Defending Defenders: Advocating for the Duty to Protect Human Rights and Environmental Defenders

By Gregory Berry, Legal Intern
By Gregory Berry, Legal Intern

One month has passed since the assassination of Berta Cáceres. Over the course of that month, the Honduran Government has engaged in a questionable and clandestine investigation into the tragedy, diverting attention away from those with the most likely motive to kill an advocate for indigenous land rights and who sent her death threats, and instead focusing on her own compatriots and the surviving witness to her assassination, Gustavo Castro Soto, a fellow activist, friend of Berta.

On March 3, 2016, John Knox, the UN Special Rapporteur on Human Rights and the Environment, presented an implementation report on human rights obligations relating to the environment to the UN Human Rights Council. The report specifically emphasized a “recurring theme” that human rights defenders, working on the front lines of environmental protection are most at risk of threats, violence, and murder. The report referenced a 2015 report by Global Witness, How Many More?, which found Honduras to be the most dangerous place in the world for environmental human rights defenders.

The very same day that John Knox delivered his findings to the Human Rights Council, in the early hours of March 3, 2016, Berta Cáceres, an outspoken indigenous coordinator of Lenca communities and founder of the Consejo Cívico de Organizaciones Populares e Indígenas de Honduras (the Civic Council of Popular and Indigenous Organizations of Honduras, or COPINH), was assassinated in her home in La Esperanza, Intibucá, Honduras. Berta was a 2015 recipient of the prestigious Goldman Environmental Prize. Her advocacy was heralded because, as the Goldman prize committee explained, “In a country with growing socioeconomic inequality and human rights violations, Berta Cáceres rallied the indigenous Lenca people of Honduras and waged a grassroots campaign that successfully pressured the world’s largest dam builder to pull out of the Agua Zarca Dam.”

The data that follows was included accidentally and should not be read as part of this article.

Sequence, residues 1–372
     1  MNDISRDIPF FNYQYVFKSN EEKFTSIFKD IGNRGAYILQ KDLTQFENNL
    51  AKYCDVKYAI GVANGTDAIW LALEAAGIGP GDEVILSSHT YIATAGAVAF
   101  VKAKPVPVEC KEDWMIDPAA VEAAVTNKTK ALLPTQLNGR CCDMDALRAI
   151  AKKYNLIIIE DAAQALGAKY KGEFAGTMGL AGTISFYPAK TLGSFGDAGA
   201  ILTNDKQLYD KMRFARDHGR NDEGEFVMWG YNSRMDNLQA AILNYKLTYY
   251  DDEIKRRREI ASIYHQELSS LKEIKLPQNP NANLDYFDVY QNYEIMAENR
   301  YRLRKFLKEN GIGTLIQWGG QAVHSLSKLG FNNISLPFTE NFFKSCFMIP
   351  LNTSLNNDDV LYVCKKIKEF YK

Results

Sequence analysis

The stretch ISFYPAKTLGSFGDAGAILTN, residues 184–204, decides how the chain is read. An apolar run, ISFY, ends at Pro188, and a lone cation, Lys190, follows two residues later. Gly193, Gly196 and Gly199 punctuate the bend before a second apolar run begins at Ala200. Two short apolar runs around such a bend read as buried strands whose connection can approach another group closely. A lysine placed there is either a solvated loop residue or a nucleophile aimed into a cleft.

One day before her death, Berta urged her daughter, Laura Zuniga Cáceres, to leave Honduras temporarily for her own security. She assured Laura that if anything were to happen to her mother, she should not be afraid. Laura, articulate, confident and passionate, spoke at a recent Congressional hearing to explain the tumultuous political situation in Honduras that led to the murder of her mother, and the Honduran Government’s insufficient investigation into the matter.

The Inter-American Commission on Human Rights (IACHR) granted Berta Cáceres “precautionary measures” in June of 2009, to protect her from intimidation from military forces that had taken to surrounding her house because of her involvement with COPINH. Precautionary measures are a frequently used mechanisms in international law to prevent irreparable harm to persons, in concurrence with Article 3 (the right to life, liberty and the security of person), Article 19 (the right to freedom of opinion), and Article 20 (the right to freedom of association) of the Universal Declaration of Human Rights.

But Berta’s precautionary measures were never fully implemented by the Honduran police forces assigned to protect her. Laura accounted that police guards vocalized that they did not care about Berta’s human rights, and often would not accompany her to high-risk public areas, as required by the precautionary measures. After Berta’s assassination, Honduran police investigators narrowly and wrongly investigated those within COPINH, the organization she co-founded. This, despite the fact that Berta received frequent and explicit death threats from identified proponents of the Agua Zarca dam project.